North American Class 8 Orders Up 424% to 40,000 in March

Growing Economy, Government Stimulus Seen as Reasons for Strong Preliminary Numbers
Tractor assembled at VTNA plant in Dublin, Va.
Workers assemble a tractor at Volvo's plant in Dublin. Va. March orders slipped from 44,191 in February, but were up 242% compared with March 2020. (Volvo Trucks North America)

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Preliminary North American Class 8 net orders in March were 40,000 units, up an impressive 424% compared with the COVID-impacted intake a year earlier, ACT Research reported, citing truck makers’ nearly complete but preliminary data.

March 2020 orders had dropped to 7,632, according to ACT.

“Despite retrenching from February [44,191 orders], ACT Vice President Steve Tam said, “Class 8 demand remained strong in March, well above replacement and even anticipated economic growth, let alone the industry’s ability to keep pace in the current supply chain constrained environment.”

Class 8 replacement level for North America is considered to be 19,000 orders a month.

FTR pegged preliminary orders at 40,800.

“Orders continue to flow into OEMs at a record pace” and have since October, said Don Ake, FTR vice president of commercial vehicles. “To have this level of orders roll in for half a year is impressive and unprecedented.”

Ake said orders may remain high going forward because Class 8 backlogs are not up to the level they were in 2018 and 2019 when orders came in a pattern similar to now.
“So there’s still some room to grow,” he said. “We don’t expect the numbers to stay high forever, but we could still see a couple of months of elevated orders.”



Dan Clark, head of BMO Transportation Finance, said orders continue to reflect the freight market’s overall strength and elevated freight rates.
“Combining the freight market’s strength with the need to attract scarce drivers with new equipment, “ Clark said, “we expect wait times to remain extended, and likewise, cancellations to remain muted as fleets lock in their build slots.”

One truck dealer executive said he believes most OEMs’ order boards are tight, if not already sold out for 2021. Also, truck prices are rising and customers are seeing other increased costs in their operations. 

“The current backlog situation is not helping any dealer group right now,” said Robert Gomez, executive vice president of sales for Worldwide Equipment. “Dealers will need to rely on selling used equipment.”

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Worldwide is a multibrand, multilocation medium- and heavy-duty truck dealership based in Prestonsburg, Ky.

“All the various vendor shortages will increase in the third and fourth quarter,” he said.

Customers are facing higher costs with fuel and delays on getting parts due to shortages, and with all this going on they are trying to keep their drivers happy, often through pay increases, he said. 

“So I think they understand [delays and higher prices], they may not like it, but they understand. But a customer is still a customer and will try to get their best deal,” Gomez said.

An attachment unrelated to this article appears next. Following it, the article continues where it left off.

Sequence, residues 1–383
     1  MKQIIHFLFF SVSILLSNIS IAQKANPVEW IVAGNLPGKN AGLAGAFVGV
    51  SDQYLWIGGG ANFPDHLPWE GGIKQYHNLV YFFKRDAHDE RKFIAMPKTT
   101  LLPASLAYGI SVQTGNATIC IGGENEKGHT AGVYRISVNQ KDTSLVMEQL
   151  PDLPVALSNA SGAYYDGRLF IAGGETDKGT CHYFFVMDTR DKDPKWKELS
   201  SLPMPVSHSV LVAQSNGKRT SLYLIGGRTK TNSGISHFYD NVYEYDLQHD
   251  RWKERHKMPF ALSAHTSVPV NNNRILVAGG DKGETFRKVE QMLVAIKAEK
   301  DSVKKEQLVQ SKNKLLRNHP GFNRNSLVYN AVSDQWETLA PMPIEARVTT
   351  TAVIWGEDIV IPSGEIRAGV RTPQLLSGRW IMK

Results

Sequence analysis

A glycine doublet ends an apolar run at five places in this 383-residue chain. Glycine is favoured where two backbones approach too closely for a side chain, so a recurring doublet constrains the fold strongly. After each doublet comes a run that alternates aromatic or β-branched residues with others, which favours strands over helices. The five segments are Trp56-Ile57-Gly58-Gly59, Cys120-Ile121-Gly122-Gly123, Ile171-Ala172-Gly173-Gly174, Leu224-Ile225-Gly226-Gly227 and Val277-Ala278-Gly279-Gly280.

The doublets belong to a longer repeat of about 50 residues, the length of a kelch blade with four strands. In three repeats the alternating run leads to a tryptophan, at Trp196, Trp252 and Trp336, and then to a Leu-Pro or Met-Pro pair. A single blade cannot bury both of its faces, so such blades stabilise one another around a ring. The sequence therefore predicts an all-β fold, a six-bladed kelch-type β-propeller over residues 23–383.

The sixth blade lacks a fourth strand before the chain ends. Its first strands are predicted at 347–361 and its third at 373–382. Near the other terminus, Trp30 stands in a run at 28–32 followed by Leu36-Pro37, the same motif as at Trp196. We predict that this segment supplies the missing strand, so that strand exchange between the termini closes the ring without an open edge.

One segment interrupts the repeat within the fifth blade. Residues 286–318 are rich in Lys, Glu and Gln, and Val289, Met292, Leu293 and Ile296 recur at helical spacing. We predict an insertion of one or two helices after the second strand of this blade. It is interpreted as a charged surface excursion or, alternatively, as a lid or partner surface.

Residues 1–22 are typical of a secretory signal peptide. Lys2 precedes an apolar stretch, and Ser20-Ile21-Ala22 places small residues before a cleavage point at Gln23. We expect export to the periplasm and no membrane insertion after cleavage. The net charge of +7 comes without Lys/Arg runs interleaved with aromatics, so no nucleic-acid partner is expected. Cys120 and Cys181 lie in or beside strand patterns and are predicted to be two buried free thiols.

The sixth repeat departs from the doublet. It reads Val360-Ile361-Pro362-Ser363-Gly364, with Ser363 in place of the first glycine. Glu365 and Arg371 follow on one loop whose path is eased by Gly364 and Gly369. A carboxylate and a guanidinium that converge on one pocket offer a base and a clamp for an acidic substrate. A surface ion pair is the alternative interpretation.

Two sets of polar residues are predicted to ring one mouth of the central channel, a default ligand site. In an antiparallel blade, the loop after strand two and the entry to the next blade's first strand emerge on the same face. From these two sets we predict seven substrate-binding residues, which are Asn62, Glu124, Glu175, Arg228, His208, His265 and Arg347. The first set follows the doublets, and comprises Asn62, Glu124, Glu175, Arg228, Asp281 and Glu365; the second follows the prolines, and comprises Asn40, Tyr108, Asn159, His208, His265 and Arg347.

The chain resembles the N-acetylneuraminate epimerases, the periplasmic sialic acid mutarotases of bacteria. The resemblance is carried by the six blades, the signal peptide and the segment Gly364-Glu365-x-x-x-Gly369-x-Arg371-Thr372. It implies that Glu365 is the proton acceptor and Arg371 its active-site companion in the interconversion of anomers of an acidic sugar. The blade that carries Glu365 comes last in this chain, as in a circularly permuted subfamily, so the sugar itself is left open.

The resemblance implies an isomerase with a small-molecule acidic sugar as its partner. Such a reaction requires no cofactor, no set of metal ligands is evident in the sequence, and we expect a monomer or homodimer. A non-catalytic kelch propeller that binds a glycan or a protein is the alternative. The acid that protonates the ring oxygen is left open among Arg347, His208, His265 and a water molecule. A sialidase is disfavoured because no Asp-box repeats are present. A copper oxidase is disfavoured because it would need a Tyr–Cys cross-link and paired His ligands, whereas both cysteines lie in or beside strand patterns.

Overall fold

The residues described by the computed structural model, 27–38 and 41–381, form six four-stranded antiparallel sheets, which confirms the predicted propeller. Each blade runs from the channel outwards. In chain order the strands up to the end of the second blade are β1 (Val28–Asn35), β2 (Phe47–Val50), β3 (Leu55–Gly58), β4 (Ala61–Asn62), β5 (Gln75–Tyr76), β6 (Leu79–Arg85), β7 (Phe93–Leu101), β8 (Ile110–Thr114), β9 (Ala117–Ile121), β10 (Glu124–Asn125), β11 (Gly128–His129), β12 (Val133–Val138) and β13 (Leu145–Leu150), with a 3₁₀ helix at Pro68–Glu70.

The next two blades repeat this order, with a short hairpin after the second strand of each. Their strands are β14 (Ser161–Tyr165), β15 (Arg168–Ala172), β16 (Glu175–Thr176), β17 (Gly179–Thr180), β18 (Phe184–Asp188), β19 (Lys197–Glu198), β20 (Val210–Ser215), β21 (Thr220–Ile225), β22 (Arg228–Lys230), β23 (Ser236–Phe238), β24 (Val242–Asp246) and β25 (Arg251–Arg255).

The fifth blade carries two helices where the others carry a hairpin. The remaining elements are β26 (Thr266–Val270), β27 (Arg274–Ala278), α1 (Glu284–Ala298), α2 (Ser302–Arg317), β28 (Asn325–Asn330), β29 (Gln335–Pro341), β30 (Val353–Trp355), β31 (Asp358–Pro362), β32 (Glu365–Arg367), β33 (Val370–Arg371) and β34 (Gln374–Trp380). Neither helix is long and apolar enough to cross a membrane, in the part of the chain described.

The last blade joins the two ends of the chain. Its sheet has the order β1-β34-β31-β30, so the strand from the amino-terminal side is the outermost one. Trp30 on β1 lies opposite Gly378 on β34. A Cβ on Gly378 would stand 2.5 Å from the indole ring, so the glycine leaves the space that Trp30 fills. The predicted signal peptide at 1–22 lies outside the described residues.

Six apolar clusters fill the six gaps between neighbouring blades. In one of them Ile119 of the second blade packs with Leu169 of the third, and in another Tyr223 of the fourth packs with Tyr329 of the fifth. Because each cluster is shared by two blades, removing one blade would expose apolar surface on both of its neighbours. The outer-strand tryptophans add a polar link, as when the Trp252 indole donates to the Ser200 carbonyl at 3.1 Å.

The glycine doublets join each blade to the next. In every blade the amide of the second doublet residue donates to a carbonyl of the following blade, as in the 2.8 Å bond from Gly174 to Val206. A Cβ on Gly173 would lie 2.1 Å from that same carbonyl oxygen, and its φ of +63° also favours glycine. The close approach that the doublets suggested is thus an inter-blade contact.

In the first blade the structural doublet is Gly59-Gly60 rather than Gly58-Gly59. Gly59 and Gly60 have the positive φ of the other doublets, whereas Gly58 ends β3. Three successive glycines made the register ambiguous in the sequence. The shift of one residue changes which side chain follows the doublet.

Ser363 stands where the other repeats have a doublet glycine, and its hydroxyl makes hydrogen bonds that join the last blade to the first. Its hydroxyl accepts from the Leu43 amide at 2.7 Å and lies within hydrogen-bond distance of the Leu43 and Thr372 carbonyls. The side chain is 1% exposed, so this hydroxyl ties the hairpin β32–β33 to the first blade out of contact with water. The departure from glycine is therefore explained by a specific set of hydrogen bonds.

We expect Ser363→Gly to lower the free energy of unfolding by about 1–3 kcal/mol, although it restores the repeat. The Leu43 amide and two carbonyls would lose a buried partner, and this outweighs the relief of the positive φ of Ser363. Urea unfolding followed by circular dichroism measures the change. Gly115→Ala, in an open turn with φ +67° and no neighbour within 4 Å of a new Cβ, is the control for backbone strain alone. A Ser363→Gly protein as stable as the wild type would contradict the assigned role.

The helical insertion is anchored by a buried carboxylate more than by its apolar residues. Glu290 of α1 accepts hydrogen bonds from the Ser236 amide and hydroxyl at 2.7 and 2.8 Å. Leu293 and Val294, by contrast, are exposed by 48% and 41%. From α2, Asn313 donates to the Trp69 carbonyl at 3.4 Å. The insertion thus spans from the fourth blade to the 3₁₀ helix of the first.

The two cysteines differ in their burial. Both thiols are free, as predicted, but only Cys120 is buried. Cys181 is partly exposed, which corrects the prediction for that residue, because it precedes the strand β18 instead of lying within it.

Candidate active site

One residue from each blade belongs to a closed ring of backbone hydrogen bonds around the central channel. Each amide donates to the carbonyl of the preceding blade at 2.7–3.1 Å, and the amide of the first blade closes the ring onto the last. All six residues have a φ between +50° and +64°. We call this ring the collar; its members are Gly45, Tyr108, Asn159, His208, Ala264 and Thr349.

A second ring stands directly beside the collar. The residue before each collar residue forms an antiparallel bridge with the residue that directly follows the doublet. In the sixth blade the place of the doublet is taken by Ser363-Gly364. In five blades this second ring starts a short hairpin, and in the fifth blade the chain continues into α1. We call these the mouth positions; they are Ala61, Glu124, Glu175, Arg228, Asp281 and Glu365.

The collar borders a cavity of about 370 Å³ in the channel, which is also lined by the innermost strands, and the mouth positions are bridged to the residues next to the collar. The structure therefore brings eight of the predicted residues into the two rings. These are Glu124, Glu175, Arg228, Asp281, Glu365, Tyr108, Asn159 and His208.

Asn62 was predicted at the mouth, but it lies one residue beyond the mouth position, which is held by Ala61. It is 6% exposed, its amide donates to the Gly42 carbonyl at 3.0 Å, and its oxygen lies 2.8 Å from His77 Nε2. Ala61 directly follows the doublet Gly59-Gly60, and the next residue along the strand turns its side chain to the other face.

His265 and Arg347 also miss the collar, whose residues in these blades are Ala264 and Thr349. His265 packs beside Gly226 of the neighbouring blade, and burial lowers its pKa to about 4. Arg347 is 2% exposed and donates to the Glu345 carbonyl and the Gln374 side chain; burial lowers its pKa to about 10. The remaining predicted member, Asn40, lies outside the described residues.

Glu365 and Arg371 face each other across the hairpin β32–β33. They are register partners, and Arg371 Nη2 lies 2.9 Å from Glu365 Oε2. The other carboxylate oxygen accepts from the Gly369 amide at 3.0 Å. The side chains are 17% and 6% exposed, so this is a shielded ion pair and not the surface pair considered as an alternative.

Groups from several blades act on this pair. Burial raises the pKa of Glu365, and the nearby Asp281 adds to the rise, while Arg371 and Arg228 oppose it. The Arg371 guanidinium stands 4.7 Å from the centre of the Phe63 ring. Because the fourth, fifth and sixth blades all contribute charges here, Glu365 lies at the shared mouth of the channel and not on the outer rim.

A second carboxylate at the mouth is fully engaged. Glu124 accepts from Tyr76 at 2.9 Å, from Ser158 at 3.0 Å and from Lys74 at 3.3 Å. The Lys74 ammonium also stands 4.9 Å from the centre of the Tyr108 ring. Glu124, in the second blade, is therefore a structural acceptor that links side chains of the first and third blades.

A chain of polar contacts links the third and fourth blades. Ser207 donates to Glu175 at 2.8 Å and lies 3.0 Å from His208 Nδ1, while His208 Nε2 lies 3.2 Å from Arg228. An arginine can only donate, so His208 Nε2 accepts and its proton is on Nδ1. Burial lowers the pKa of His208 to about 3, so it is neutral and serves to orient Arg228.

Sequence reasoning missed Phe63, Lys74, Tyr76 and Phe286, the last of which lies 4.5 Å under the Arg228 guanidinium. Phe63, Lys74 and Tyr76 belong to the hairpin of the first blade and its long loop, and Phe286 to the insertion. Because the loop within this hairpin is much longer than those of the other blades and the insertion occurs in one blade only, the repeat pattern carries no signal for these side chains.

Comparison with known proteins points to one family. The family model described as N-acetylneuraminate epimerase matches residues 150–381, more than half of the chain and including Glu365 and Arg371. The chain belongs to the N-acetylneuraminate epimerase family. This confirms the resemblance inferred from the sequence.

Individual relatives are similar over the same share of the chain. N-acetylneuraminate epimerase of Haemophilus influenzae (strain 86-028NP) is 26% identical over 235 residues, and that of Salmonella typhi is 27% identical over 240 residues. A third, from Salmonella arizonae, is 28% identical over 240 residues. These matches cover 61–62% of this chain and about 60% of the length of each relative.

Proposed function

“We are upfront, fair and honest with our customers and educate and communicate as best we can — margins may have slipped, which is OK,” he added. “Our customer base has stayed strong because we have been true to our customers. So we just have to weather the storm.”

Meanwhile, Bridgestone announced it will increase prices by 8% on Firestone brand truck and bus radial tires sold in the U.S. and Canada. The new pricing will take effect May 1 and is in response to continued escalating raw material costs.

That announcement followed a price increase up to 8% on Bridgestone brand truck and bus radial tires and Bandag retreads that went into effect April 1.

In related news, Paccar Inc. recently reported the semiconductor shortage reduced its truck deliveries in the first quarter by 3,000 vehicles. 
Assuming there is no COVID-19 resurgence, Paccar’s forecast for 2021 truck industry retail sales remained unchanged in the U.S. and Canada. Sales are expected to be 250,000 to 280,000 units compared with 216,500 in 2020.

Paccar is the parent company of the Peterbilt Motors Co., Kenworth Truck Co. and DAF (Europe) brands.



Equity analyst Stephen Volkmann with Jefferies wrote in a note he viewed Paccar’s news positively “given that the company maintained its full-year outlook and is bottlenecked due to supply.”

“This demand imbalance should elongate the cycle further and drive higher pricing of trucks over time,” Volkmann wrote.

Ake noted each Class 8 can use 15 to 35 microchips depending on “what you have on it and what’s computerized on it. If you don’t have chips, you have obvious production problems.”

Shortly after the preliminary March industry order numbers were released, Daimler Trucks North America announced its Class 8 Freightliner eCascadia and medium-duty eM2 are available to order.

Start of production is scheduled for late 2022, according to the Portland, Ore.-based company. 
DTNA said the maximum range for the eM2 will be 230 miles on a full charge and 250 miles for the eCascadia tractor.

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